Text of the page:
This MEA will ask students to work in teams to help their client, The Florida Fish and Wildlife Conservation Commission, to decide which Burmese python traps manufacturing company to buy traps from. The traps will be placed along the Florida Keys and the Everglades to help prevent the growth of invasive Burmese Python population. The students will implement their knowledge of how plants, animals, and humans impact the environment, use mathematical and analytical problem-solving strategies, and be able report their finding in an organized, descriptive manner.

## Student Resources

## Educational Games

This tutorial will help you to brush up on your multiplication, division and factoring skills with this exciting game.

Type: Educational Game

This fun and interactive game helps practice estimation skills, using various operations of choice, including addition, subtraction, multiplication, division, using decimals, fractions, and percents.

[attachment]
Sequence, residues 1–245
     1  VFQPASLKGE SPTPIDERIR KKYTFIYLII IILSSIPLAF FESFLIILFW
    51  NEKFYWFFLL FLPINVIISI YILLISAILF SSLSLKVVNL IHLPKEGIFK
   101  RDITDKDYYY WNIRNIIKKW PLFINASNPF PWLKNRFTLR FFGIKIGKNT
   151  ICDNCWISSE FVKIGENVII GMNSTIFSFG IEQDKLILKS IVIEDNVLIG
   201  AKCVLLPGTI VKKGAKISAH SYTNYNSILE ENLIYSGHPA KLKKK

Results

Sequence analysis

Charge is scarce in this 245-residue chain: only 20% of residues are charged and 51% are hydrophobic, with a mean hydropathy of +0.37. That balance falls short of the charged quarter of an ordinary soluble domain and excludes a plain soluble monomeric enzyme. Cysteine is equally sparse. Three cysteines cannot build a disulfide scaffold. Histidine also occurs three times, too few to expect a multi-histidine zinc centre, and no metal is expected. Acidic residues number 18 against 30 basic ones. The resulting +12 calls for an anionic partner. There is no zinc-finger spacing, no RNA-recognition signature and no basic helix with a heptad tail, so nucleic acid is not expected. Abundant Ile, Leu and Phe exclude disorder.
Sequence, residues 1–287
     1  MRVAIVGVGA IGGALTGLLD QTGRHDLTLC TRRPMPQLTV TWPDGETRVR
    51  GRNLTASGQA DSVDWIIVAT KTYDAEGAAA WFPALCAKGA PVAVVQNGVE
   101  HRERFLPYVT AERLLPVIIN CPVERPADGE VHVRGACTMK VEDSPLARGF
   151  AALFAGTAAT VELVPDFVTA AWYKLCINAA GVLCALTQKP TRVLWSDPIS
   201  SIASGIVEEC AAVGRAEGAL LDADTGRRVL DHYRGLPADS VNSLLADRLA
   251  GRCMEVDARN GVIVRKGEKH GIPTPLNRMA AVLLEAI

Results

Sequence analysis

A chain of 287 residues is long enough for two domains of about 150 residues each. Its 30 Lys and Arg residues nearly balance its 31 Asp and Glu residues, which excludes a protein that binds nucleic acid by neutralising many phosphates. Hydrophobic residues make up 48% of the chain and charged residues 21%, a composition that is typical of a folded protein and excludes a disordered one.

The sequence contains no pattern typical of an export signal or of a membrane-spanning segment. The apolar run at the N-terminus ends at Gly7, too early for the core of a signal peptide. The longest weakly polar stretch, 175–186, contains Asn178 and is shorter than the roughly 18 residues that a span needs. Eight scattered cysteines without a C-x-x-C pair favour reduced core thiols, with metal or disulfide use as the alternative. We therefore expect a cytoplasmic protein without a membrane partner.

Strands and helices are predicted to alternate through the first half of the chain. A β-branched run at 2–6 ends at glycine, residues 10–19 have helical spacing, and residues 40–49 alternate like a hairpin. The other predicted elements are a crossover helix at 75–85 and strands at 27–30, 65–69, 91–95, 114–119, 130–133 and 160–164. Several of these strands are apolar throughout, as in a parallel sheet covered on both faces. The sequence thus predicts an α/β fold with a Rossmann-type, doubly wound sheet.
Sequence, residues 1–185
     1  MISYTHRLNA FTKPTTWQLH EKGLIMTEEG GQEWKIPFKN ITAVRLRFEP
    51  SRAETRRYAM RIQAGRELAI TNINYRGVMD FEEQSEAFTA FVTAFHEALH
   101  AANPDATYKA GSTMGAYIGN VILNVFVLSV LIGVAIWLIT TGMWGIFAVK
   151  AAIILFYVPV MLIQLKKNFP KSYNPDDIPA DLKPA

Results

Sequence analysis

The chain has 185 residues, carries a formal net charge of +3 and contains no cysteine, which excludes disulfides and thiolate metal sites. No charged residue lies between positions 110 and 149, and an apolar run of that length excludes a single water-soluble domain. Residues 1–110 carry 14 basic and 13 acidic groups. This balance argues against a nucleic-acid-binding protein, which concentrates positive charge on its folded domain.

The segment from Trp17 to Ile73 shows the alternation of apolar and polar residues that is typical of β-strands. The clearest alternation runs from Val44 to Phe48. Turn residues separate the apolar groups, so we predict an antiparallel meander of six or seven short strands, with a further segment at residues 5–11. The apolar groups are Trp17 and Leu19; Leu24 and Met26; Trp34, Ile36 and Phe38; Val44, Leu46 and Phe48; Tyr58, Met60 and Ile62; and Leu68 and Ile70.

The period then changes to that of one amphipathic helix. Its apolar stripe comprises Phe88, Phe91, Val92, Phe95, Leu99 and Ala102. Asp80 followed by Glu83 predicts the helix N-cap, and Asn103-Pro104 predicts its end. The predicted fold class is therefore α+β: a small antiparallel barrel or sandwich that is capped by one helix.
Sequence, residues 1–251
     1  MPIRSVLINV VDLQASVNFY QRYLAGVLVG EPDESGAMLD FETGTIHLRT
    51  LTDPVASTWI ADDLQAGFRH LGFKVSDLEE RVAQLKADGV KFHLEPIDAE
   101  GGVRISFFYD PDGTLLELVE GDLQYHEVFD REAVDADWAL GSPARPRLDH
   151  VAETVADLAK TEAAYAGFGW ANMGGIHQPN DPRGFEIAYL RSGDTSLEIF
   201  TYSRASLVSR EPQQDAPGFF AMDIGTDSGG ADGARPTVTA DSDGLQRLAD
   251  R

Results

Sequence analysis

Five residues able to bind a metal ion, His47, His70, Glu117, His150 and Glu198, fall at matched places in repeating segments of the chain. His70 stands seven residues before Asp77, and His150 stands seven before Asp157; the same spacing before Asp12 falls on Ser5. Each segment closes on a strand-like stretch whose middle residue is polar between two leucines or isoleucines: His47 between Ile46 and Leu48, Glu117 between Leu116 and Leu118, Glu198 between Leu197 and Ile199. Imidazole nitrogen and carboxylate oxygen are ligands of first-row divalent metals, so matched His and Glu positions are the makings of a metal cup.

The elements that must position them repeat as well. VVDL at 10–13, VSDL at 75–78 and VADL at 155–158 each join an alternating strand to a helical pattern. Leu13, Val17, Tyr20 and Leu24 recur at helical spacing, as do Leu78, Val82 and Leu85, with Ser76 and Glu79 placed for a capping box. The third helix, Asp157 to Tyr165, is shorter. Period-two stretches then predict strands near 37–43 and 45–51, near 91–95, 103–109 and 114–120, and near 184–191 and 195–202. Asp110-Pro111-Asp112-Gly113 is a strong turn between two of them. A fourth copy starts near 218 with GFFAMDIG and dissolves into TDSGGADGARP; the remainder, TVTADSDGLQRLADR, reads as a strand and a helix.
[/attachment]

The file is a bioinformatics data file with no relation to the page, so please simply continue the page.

Various levels of difficulty make this game appropriate for multiple age and ability levels.

*Addition/**Subtraction:* The addition and subtraction of whole numbers, the addition and subtraction of decimals.

*Multiplication/Division: *The multiplication and addition of whole numbers.

*Percentages: *Identify the percentage of a whole number.

*Fractions: *Multiply and divide a whole number by a fraction, as well as apply properties of operations.

Type: Educational Game

## Educational Software / Tool

In this activity, students solve arithmetic problems involving whole numbers, integers, addition, subtraction, multiplication, and division. This activity allows students to track their progress in learning how to perform arithmetic on whole numbers and integers. This activity includes supplemental materials, including background information about the topics covered, a description of how to use the application, and exploration questions for use with the java applet.

Type: Educational Software / Tool

## Parent Resources

## Problem-Solving Task

The purpose of this game is to help students think flexibly about numbers and operations and to record multiple operations using proper notation. Students eager to knock down all of the pins quickly develop patterns in their expressions. They may re-use parts of an expression, perhaps changing just the final operation.

Type: Problem-Solving Task